- When that glue is very dry (overnight is best), give several light coats of the clear, glossy acrylic finish. Give time between coats to dry to touch, so you don't get drips or streaks.
- Stick the bead and straight pin on and glue in place.
Of course once you make one of these, you might feel the need to make another five or six. We are definitely interested in seeing how these projects look on your railroad or display village. Please contact
us for information about how to send digital photos.
For many more sign ideas, you might want to check out the Big Indoor Trains Resources page. That page includes links to many free, downloadable business, station, and street signs that you can download, rescale if necessary, and use to add interest to your railroad and downtown settings.
Also, if you have a project idea that you would like us to consider, please use let us know let us know.
Finally, now that I'm in "retirement," this hobby has become a sort of avocation for me. Several folks have commissioned me to build specific houses for them. So if you'd like me to "bid" on a cardboard house for you, or if you have any questions at all, please use the e-mail address on my order page to contact me directly.
- Building a Vintage "Lithographed" Station" - the first article in our "Tribute to Tinplate" series, based on a prewar American Flyer standard-gauge station. Includes free, downloadable graphics, plans, and instructions for modeling in O/S and Large Scale/Standard Gauge.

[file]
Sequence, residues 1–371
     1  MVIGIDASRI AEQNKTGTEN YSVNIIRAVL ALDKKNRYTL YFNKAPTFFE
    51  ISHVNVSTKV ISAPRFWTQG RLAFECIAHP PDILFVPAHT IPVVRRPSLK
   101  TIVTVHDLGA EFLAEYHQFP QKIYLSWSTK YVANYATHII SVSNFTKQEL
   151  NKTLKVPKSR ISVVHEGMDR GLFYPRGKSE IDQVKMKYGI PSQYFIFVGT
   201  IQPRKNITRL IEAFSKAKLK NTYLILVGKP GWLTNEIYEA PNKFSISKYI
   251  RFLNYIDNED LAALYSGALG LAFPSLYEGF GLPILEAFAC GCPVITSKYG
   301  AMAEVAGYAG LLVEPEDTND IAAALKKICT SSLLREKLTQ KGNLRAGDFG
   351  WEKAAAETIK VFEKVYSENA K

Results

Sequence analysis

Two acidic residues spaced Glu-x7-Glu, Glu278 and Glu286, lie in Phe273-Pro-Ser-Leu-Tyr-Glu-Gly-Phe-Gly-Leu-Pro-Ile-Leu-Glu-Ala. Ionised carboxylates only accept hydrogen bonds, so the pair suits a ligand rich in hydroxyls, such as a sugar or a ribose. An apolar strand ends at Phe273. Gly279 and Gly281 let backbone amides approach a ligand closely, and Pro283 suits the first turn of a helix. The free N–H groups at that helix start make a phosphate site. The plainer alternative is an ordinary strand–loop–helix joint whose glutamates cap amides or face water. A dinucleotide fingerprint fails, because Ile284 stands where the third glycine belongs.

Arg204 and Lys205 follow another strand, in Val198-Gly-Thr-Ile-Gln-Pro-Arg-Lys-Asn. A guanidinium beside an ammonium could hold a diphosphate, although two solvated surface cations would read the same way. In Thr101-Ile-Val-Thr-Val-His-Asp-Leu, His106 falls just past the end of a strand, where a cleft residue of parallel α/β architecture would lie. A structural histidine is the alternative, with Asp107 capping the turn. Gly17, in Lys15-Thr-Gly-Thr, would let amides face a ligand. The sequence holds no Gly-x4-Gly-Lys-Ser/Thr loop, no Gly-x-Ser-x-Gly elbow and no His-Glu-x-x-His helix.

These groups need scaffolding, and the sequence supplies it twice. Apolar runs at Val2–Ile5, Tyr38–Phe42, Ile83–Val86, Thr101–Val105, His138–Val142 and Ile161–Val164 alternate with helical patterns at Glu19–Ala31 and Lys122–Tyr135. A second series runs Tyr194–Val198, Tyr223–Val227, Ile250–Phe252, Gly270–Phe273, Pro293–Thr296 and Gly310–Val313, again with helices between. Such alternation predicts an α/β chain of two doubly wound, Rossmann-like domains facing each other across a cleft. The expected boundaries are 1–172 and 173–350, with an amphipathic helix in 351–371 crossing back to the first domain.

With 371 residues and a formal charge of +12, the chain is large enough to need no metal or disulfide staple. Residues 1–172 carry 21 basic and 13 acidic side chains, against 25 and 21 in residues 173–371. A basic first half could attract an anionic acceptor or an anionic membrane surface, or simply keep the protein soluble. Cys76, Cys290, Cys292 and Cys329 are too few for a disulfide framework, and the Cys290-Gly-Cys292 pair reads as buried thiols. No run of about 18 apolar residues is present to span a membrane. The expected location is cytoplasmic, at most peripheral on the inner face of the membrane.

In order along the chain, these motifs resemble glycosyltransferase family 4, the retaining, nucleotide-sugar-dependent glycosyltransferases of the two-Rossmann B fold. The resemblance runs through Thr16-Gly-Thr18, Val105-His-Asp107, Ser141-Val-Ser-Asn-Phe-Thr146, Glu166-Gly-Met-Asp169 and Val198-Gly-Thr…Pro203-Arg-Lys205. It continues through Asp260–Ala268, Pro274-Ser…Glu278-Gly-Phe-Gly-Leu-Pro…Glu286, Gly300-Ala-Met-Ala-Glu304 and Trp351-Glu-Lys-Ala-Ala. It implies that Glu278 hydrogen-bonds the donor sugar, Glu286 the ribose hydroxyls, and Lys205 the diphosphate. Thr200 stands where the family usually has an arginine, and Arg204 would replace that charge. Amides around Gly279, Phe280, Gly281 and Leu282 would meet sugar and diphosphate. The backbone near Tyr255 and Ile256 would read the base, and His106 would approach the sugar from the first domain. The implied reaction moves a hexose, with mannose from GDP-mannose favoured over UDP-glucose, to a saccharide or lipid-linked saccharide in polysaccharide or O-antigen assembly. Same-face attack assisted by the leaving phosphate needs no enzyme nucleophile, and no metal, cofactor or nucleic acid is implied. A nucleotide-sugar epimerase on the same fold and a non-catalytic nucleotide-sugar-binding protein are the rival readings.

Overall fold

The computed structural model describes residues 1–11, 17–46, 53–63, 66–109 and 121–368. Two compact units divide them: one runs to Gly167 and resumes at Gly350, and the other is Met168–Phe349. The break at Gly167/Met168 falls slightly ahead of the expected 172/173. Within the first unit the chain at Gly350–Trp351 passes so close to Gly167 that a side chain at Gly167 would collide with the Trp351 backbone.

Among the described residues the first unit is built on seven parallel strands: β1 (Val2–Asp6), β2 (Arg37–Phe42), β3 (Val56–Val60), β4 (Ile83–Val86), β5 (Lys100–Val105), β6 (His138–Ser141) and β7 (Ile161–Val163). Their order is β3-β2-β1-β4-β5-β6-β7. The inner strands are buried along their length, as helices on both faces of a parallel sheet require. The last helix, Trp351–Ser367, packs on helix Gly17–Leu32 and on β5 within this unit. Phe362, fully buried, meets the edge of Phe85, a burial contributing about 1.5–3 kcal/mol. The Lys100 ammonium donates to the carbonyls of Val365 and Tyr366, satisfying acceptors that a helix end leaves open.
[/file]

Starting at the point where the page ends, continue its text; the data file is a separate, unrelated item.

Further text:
Feature - Building a Tinplate-Inspired Watchman's Shanty Back in the day before automated crossings, these were common sites alongside busy rail crossings. Howard's exclusive design pays tribute to a series of tinplate structures that go back a hundred years and include three different scales. His free plans and instructions will help you dress up any indoor railroad or holiday village.
Feature - Building a Tinplate-Inspired Railroad Crossing Sign This is the ideal accessory for the Watchman's Shanty project. Based on a series of products that are now available only as expensive collector's items, this easy and almost-free project will add texture, interest, and period to any model railroad or holiday village.
- Easy Street Scene - This new building project uses downloadable building graphics and a little cardboard or foam board to build up a convincing downtown scene that is only a few inches deep - perfect for shelf layouts, tight spots, and dioramas. We also provide links to high-resolution graphics that will work for any scale.
Build a Vintage-Style Cardboard Stone Cottage - This building project is made like the vintage cardboard houses folks used to set around their Christmas tree in the early 1900s (before glitterhouses became common), but its design was inspired by a building that shows up on the "Isle of Sodor." The building uses free downloadable graphic paper to put a realistic stone veneer on an old-world cottage and fence. It works with Christmas villages, or with a little customization, would dress up any indoor railroad. A "brick cottage" option is also shown.
- Log Cabin Building Flat - This "building flat" uses downloadable graphics and foam board or cardboard to dress up a narrow corner of your railroad or village. The techniques in this project can be used for almost any kind of building you want to represent in a tiny space. December, 2007
- Build a Vintage-Style Barn and Silo - This building project uses downloadable graphics to put realistic shingles and siding on an old barn and silo. Like the stone cottage above, it works with Christmas villages, or with a few changes, it would dress up an indoor railroad.
- Building the Union Station - This original project by designer Howard Lamey is inspired by two traditions - the cardboard Christmas houses that were popular in US homes between 1928 and 1965 and the Lionel station that was popular for most of the 20th century.
Other Articles about cardboard houses include: